Secure Attachment Messaging (SAM) as a Learning Mechanism in a College Course

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Kelly Campbell
Ebony S. Clark
Elisha Barron
Kaela A. Bonafede


Grounded in attachment theory, the goal of the present study was to examine whether students’ (N = 205) learning would be impacted by Secure Attachment Messaging (SAM) during lecture in a college course. Students were presented with SAM every other week as part of the regular PowerPoint slides. At the end of each class, they completed a multiple-choice quiz to assess their comprehension of the material. Their quiz responses were recorded using a student response system called Top Hat Monocle. We predicted that the SAM would enhance students’ feelings of security, irrespective of their pre-existing attachment schemas, and thereby augment learning. Our hypothesis was statistically supported in that quiz scores were higher for days SAM were used versus not used in lecture. Overall percentages from the course were also compared with three other sections of the same course in which SAM were not used. Students’ percentages from the SAM course were significantly higher than the three other sections.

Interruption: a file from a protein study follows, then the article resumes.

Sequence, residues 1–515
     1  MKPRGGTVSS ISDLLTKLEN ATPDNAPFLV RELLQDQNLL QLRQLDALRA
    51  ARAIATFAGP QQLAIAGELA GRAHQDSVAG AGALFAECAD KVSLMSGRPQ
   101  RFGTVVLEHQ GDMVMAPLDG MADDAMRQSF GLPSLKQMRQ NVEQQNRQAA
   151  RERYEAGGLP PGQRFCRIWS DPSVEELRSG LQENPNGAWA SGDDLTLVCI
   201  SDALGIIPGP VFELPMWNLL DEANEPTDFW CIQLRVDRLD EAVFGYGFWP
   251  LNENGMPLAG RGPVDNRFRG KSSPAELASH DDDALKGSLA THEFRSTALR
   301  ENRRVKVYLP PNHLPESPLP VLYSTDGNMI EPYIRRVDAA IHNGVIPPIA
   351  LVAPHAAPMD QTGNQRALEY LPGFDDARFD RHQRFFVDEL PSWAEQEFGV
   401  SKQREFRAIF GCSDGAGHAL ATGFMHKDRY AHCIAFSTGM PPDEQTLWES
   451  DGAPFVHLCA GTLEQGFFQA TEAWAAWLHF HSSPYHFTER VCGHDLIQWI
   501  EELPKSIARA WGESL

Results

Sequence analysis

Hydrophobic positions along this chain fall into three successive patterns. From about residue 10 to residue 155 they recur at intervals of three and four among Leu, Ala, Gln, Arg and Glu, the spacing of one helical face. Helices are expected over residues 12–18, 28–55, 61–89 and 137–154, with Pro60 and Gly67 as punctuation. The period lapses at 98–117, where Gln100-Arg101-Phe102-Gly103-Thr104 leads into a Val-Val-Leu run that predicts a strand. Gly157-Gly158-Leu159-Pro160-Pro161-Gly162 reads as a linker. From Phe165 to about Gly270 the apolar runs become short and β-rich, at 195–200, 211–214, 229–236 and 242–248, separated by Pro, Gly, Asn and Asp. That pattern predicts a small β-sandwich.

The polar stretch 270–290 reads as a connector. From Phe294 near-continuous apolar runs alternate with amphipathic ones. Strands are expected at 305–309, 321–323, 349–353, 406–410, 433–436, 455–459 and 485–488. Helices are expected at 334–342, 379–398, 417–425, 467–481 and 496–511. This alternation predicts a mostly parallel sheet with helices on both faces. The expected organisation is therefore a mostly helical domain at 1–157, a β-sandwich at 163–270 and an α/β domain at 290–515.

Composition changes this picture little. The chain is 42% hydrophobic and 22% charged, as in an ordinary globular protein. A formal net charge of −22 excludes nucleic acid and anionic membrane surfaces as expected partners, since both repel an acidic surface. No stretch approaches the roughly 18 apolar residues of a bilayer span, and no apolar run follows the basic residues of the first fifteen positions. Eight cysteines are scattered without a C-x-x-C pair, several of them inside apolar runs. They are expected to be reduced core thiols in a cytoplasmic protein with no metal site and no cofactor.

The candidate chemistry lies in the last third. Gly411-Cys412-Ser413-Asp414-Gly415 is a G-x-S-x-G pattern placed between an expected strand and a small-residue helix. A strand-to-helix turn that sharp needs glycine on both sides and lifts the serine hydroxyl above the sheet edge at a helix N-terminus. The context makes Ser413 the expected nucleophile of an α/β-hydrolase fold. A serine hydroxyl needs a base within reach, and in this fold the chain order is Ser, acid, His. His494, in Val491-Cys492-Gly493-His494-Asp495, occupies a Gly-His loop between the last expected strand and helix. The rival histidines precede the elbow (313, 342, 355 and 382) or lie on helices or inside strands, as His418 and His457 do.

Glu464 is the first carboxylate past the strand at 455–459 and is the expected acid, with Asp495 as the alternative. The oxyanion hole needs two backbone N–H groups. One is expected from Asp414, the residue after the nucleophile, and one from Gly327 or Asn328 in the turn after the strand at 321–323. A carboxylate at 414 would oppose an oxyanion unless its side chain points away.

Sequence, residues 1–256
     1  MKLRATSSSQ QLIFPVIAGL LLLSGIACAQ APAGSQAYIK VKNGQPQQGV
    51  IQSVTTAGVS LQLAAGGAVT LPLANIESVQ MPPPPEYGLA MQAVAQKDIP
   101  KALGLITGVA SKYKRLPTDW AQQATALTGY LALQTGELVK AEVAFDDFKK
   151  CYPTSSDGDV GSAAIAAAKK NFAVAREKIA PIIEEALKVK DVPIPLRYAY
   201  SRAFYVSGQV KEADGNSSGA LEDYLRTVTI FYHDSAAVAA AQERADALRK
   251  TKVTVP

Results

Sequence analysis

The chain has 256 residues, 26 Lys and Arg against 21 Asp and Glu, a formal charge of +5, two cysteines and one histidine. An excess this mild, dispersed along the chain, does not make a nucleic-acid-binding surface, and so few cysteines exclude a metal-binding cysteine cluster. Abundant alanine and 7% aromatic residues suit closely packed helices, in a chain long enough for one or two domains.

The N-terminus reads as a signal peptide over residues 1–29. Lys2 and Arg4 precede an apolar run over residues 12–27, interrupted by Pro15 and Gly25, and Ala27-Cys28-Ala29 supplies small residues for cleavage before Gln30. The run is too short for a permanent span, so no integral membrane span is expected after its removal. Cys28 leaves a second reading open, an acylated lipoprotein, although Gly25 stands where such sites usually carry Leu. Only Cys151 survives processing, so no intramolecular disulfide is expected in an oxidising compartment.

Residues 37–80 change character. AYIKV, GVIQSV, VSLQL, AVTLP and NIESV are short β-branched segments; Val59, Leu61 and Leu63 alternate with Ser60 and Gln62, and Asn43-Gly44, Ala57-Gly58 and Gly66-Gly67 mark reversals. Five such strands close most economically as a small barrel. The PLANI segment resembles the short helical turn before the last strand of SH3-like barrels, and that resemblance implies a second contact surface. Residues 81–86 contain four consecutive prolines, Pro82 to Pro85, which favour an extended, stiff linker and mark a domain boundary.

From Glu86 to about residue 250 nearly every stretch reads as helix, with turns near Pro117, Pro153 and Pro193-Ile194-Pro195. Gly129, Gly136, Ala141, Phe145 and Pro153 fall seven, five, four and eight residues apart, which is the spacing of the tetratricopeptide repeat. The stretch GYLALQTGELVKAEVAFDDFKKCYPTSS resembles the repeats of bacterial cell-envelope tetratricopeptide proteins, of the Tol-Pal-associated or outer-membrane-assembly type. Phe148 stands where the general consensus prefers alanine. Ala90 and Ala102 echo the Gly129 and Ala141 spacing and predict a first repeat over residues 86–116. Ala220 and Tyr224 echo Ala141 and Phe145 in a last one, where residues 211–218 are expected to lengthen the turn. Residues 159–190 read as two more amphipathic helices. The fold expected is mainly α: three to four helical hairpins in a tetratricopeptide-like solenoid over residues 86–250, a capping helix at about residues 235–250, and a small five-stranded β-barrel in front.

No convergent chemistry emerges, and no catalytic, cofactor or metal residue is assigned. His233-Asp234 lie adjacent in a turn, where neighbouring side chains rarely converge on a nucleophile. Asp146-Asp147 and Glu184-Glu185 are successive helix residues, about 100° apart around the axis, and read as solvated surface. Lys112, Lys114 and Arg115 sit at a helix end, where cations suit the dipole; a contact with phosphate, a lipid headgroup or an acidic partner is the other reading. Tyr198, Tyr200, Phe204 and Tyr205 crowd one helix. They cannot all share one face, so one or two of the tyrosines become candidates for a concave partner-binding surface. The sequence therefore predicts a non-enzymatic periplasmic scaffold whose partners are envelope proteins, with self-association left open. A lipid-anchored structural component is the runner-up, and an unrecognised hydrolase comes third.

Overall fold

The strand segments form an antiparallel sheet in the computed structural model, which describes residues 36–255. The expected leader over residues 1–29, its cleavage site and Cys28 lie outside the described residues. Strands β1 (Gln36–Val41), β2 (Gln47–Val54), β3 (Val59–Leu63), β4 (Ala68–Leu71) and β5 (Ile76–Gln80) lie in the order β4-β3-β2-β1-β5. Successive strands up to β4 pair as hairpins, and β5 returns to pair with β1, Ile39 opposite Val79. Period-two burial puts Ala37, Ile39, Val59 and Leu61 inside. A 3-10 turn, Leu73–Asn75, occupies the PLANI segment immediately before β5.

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How to Cite
Campbell, K., Clark, E., Barron, E., & Bonafede, K. (2022). Secure Attachment Messaging (SAM) as a Learning Mechanism in a College Course. Journal of the Scholarship of Teaching and Learning, 22(4).
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Author Biography

Kelly Campbell, California State University, San Bernardino

Associate Professor of Psychology


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